On Life vs. Life-As-You-Expected

Every so often I write a note to parents who have just received the diagnosis that changes everything.

Down Syndrome
Cerebral Palsy
Blindness, forever

How can I explain the infinitude of this moment? Everything before those words is one way.  Everything after them is another.

Infinite things happen in that infinite moment. Numbness and rage sit side by side, no regard for the conventional reason which says they can not coexist. You have infinite thoughts in that moment. Infinite fears.

She will never run. She will never play hide-and-seek. She will never color. She will never dance. She will never marvel at the stars.

Dear parent reeling from having experienced infinity in a moment,

I am so sorry. The death of everything you thought you knew, the death of everything you didn’t know you were hoping for – those are deaths. They aren’t to be brushed aside with “It could have been worse,” or “She’ll do great things anyway!” Life-as-you-were-expecting-it has died. Your grief is so real.

But life is so much richer than life-as-you-were-expecting-it.

This is the horrible, beautiful truth. I hate it, and I am grateful for it way down deep in my bones.

This morning, my daughter performed in a school play. She memorized the choreography, her classmates helped her on stage, and she danced her little heart out. I cried, of course, because of this truth: my life is better than life-as-I-expected-it.

It’s harder in every single way - but it’s better, too.

Parent, now that your life is moving in a new and unexpected direction, you will meet the strongest people on the planet: those with special needs and the moms, dads, brothers, sisters, teachers, doctors, and specialists that love them. There is no more passionate, more determined, fiercer, more inspiring group on the planet. You’re in the club now. In the trenches. You will bear witness to miracles.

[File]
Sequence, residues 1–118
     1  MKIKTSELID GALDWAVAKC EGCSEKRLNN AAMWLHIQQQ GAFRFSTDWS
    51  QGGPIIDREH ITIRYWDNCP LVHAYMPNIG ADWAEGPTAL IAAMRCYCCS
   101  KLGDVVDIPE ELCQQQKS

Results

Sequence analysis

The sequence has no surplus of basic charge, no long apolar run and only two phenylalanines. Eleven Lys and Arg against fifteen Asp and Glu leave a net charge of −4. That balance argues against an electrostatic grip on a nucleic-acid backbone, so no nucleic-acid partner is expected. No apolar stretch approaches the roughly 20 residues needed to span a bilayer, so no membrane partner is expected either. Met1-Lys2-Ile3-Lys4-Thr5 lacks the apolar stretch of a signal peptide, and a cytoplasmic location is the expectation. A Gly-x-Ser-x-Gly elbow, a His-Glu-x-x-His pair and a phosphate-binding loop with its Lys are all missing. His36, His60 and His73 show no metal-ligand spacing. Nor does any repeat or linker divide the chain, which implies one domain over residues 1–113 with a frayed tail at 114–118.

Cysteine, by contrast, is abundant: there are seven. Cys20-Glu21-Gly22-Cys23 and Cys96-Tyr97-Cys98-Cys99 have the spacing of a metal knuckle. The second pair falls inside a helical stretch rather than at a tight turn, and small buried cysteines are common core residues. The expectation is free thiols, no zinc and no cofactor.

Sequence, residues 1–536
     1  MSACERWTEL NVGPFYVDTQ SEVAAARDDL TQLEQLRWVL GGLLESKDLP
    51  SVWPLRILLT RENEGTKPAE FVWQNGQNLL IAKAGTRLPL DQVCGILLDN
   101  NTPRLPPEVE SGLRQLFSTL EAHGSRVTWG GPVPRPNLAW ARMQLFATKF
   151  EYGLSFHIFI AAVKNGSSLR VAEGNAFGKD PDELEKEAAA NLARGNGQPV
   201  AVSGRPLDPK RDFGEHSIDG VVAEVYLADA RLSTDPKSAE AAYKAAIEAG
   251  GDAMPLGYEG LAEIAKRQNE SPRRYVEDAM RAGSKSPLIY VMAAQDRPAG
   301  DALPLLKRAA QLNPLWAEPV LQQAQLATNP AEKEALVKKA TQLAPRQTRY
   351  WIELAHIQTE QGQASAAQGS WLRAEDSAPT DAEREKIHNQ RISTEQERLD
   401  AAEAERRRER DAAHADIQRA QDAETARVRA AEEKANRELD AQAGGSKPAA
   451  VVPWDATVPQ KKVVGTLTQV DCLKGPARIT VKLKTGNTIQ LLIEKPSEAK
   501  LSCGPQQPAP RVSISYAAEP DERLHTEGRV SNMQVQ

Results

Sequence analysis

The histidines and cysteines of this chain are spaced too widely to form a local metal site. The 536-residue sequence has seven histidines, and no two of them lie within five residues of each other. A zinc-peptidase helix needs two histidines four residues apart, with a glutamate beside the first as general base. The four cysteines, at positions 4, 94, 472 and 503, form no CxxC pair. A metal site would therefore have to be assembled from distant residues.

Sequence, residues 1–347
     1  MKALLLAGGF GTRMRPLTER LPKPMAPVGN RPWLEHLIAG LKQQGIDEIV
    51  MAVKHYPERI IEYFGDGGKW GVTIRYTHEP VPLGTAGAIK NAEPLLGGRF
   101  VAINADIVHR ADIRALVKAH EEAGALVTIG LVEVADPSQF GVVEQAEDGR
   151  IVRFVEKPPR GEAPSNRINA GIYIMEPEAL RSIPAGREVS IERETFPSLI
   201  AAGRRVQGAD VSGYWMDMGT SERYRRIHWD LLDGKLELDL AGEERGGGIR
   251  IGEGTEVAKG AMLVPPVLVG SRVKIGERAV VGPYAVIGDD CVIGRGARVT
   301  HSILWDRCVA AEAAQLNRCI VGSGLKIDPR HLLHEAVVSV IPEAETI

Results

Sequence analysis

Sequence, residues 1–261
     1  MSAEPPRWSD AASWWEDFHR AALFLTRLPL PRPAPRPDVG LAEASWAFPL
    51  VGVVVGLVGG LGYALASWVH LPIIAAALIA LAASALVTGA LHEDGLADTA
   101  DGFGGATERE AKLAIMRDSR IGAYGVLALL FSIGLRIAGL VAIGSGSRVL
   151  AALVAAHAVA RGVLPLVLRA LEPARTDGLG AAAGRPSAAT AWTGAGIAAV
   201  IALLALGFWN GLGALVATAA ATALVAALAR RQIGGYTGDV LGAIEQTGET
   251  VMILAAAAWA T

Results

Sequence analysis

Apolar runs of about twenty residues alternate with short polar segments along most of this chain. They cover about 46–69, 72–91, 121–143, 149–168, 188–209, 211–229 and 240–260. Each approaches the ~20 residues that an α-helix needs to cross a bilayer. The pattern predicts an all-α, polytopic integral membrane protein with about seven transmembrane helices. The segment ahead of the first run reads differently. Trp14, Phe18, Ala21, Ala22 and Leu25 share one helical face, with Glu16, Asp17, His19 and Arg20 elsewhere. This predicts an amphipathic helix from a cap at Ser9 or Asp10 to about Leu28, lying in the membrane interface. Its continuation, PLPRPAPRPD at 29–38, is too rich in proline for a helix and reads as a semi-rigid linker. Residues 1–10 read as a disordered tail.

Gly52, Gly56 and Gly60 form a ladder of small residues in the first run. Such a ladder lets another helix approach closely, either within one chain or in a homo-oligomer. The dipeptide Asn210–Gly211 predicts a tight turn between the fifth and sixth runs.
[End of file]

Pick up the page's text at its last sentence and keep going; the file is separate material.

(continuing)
You will also become a better version of yourself.  You will be more aware, more compassionate, more of an advocate, more hopeful, more organized, and more relentless. You will be you, 2.0.

You will have opportunities that you couldn’t have dreamed up in one million years. They will come in the form of conversations and friendships, and they will fill you to the brim with gratitude.

It will be different, but it will not be bad.

It will be hard, but it will be good.  It will be so, so, so, so good. 

Darling, do not fear what you don't really know. 

Madeline is in the front row, second from the left. You know, the one straining her neck and voice and lungs. This surprises nobody. She is clearly FEELING IT. 

Madeline is in the front row, second from the left. You know, the one straining her neck and voice and lungs. This surprises nobody. She is clearly FEELING IT. 

The Best Worst Day Ever

I wish I could talk about the good without talking about the hard, but I can’t. 

As such, I’ve erred on the side of not talking about much of ANYTHING, because I’m sensitive to not making this story about me or about difficulties or about anything other than the grace of God in my life. 

But - I also have miraculous stories to tell. And heck if I’m not going to tell them just because there’s a little bit of hard and awkward mixed in there.

So. Here’s tonight’s miracle. 

Today, Monday brought its A-game. My van broke down on the side of the road. In the rain. In rush-hour traffic. With my 3 kids inside. The van is unsalvageable. 

A dear friend came to rescue us wearing a fuzzy lavender bathrobe with pink polka dots, Aztec-printed leggings, and what I can only assume were her son’s soccer cleats that she grabbed as she ran out the door. 

I arrived late to work in my dad’s borrowed truck: a 1995 fire engine-red Chevy Suburban with an NRA sticker on the back. Just whatever. 

After work I hurried home, got the kids in bed, and started researching cars.  This is tricky, as my budget is zero dollars

As I was scrolling through Carmax pages, my best-cousin-friend Brooke texted me.  Brooke is my person, so when she asks, “How was your day?” I tell her the actual truth.  Today I said, “IT HAS BEEN A DAY.”

She immediately texted back: “Would this help? https://www.gofundme.com/a298scfg

I followed the link to find this:

Unbeknownst to me, my tribe raised $3,500 in a single day, to love me. 

That was around 8:30 p.m.  I've been crying ever since. 

I will spare you the details about how this has so clearly been orchestrated right down to the exact date and time and dollar amount, but here’s what I absolutely must say. 

I believe in God because his people love me so well.

In this season, God has sustained, loved, and tenderly cared for my children and me – and He’s done it through His people.  My family, friends, small group, church, and this weird 2015 thing that is an “internet tribe.” 

The people of God aren’t idle well-wishers or foolish hope-ers.